China Tightens Control Over Turnover of Fentanyl and Its Derivatives
AUSTIN, TEXAS – April 1, 2019
Chinese authorities have included fentanyl and its derivatives in the list of non-medicinal substances to be controlled.
The move was announced ahead of the latest round of talks aimed at ending the trade war between the the US and China, and fulfils a promise Xi Jinping made to Donald Trump when they last met in Argentina in early December.
For several decades, “heroin’s synthetic brother” - fentanyl was used as a painkiller for surgical operations and played a minor role in the drug crisis. In 2014, this euphoric-sensitizing drug became a mainstream product on the black market and led to an explosive increase in mortality in a number of cities.
The opioid analgesic fentanyl was synthesized by the Belgian scientist Paul Jansen in 1960 and entered clinical practice as a general anesthetic. Fentanyl and other substances of its series, for example, carfentanil, remifentanil and sulfentanil, are included in the second list of the list of drugs to be controlled. Their turnover is permitted only for medical, scientific, expert and veterinary purposes.
Major manufacturers are located in China, according to the US Department of Justice's Drug Enforcement Administration (DEA). In Chinese port cities such as Shanghai, fentanyl is produced by thousands of legally operating chemical laboratories, with nothing preventing it from being shipped abroad. Chinese regulators look the other way.
Fentanyl enters US cities in small batches in packages and letters. Since a lethal dose is as small as a dozen grains of sugar, even several servings hidden in packages are extremely difficult to detect. Large batches of fentanyl flow into the US through Mexico through the same channels as all traditional banned substances.
The cost of production of 1 kg of fentanyl in China is about $4000, and in the US the prices for this drug are about the same as for heroin, which is ten times weaker. In Chicago, 100 g can be purchased on the black market for $9,000. In turn, drug addicts usually buy 1 g of fentanyl from street dealers for $250-300 or 0.1 g for $60.
In August 2018, trump accused China of being behind the opioid crisis in the US. He called on the Senate to "stop this poison that kills children and destroys the country."
It is outrageous that Poisonous Synthetic Heroin Fentanyl comes pouring into the U.S. Postal System from China. We can, and must, END THIS NOW! The Senate should pass the STOP ACT – and firmly STOP this poison from killing our children and destroying our country. No more delay!— Donald J. Trump (@realDonaldTrump) August 20, 2018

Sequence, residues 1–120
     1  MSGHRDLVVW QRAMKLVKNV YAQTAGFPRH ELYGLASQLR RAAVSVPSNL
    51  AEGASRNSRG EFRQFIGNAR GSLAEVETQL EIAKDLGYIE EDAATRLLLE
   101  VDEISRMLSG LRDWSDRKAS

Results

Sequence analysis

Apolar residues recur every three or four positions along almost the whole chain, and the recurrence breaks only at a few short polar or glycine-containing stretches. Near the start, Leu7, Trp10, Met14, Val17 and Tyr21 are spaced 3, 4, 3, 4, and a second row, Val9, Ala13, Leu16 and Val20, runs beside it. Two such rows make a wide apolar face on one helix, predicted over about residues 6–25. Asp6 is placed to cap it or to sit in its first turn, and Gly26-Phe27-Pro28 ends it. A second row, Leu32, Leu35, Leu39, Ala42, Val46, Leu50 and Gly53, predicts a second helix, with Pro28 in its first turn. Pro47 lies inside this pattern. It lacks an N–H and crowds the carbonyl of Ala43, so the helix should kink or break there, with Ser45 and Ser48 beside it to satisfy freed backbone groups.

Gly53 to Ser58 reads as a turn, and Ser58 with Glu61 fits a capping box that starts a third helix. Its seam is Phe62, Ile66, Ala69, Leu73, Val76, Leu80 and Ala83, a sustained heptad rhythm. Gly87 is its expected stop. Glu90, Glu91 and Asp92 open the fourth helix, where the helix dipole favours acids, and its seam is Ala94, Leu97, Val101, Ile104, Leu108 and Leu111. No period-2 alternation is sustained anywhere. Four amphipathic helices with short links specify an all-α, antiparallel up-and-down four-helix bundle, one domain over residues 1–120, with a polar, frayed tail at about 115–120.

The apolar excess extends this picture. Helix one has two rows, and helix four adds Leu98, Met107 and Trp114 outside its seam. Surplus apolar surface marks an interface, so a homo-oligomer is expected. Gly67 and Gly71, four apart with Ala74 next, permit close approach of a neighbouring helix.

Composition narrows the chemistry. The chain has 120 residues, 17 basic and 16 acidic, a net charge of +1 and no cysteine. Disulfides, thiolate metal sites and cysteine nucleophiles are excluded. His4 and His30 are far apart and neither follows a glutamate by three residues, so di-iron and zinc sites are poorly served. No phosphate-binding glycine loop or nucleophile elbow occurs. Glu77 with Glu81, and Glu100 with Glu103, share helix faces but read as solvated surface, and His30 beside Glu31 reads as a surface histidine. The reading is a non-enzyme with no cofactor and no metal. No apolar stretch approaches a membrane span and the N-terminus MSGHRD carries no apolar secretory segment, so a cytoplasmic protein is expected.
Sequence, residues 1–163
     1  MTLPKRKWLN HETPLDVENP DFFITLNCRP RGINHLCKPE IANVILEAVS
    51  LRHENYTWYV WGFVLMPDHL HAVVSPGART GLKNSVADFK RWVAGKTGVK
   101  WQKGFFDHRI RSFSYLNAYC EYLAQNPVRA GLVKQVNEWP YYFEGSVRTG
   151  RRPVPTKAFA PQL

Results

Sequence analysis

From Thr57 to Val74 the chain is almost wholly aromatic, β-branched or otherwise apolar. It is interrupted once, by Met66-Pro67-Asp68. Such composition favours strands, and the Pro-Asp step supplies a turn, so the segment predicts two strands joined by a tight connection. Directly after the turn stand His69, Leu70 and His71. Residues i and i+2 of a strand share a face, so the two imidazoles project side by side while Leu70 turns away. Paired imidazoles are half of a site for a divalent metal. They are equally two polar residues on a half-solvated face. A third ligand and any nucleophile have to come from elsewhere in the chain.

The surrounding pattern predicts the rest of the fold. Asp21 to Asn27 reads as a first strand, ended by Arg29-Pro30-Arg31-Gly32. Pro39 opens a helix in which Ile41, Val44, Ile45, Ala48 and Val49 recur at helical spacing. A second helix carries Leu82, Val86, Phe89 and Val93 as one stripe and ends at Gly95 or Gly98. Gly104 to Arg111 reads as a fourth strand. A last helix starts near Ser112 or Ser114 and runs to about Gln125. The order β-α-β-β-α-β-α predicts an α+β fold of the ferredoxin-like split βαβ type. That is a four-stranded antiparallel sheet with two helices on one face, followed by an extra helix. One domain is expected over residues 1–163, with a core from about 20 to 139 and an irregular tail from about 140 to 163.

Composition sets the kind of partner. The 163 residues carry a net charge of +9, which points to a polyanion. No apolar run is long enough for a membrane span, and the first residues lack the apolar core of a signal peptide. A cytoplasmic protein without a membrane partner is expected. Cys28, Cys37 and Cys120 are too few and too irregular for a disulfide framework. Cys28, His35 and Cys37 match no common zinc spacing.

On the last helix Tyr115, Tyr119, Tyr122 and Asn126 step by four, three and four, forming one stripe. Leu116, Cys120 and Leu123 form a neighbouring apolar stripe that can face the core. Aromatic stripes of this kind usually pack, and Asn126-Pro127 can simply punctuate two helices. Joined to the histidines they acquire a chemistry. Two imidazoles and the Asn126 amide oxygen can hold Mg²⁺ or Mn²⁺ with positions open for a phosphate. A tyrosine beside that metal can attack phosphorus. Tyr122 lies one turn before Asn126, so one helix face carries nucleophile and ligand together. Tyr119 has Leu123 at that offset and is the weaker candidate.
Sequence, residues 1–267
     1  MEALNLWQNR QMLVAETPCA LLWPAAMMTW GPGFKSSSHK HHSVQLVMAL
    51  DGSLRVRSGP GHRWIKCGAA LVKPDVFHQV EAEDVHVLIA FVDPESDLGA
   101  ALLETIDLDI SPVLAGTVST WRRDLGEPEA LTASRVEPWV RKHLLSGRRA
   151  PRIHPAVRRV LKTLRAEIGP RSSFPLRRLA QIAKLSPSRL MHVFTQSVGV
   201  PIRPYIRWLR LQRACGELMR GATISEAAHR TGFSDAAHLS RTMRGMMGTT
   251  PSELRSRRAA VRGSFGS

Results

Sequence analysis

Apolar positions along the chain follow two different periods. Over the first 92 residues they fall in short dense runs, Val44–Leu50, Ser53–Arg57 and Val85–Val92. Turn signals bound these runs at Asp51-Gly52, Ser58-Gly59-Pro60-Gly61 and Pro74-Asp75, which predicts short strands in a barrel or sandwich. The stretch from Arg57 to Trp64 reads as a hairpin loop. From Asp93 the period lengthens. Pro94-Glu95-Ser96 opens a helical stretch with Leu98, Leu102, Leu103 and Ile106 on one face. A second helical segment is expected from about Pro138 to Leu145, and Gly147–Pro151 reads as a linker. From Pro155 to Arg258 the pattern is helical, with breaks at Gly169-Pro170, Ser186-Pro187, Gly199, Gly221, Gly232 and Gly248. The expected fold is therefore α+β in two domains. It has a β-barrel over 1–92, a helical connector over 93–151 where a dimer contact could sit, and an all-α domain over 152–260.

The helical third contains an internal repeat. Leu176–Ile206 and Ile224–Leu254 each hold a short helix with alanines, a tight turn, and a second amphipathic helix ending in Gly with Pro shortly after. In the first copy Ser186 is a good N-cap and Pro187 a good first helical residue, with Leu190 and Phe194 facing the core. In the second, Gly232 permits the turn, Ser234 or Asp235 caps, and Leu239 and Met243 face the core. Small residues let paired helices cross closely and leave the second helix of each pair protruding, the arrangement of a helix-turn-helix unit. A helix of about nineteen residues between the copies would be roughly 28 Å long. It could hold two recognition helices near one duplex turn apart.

China denies these accusations.
According to SCMP, on Monday China announced tightened curbs on the painkiller fentanyl. Under the new curbs, all fentanyl-related substances will be added to a supplementary list of controlled narcotic drugs and psychotropic substances with non-medical use starting from May 1.
A joint press conference announcing the measures made by the Ministry of Public Security, the National Health Commission and the National Medical Products Administration listed the chemical structure of fentanyl for the first time.
In March 2017, China banned the manufacturing and sale of four types of fentanyl, later expanding this to 25 types and two precursors – a move that went further than the UN requirement of 21 types.
However, this did not prevent US authorities from blaming Chinese imports for fuelling the opioid crisis that has claimed thousands of lives. The American side believes that Chinese manufacturers have learned to get round these curbs by tweaking the chemical structure of their product.
Beijing, in turn, argues that the amount of fentanyl entering the US from China is “extremely limited” and blames drug abuse on the US themselves and their culture. However, Chinese authorities nevertheless decided to tighten control over the drug in their homeland in order to ensure a favorable atmosphere during the next round of negotiations with the United States.
“The US is concerned about all variants [of fentanyl], and it’s all been resolved” said Liu Yuejin, deputy director of China’s National Narcotics Control Commission.
At the same time, Liu dodged questions about whether the move was a concession by China to help bring the trade war to an end.
Liu also said: “China has a strict controls on fentanyl, there has never been a problem from fentanyl produced legally in China … the illegal cases we cracked in joint operations with US authorities were all results of the lawbreakers ganging up with overseas crime groups.”
He also said it was “groundless” to accuse China of being behind the US opioid crisis, saying “the cases we found cover limited quantities, it cannot be the major supplier for the US.”
“We believe the overdose problem in the United States is mainly caused by domestic reasons,” he continued, citing a long history of drug abuse, lack of regulation and public education.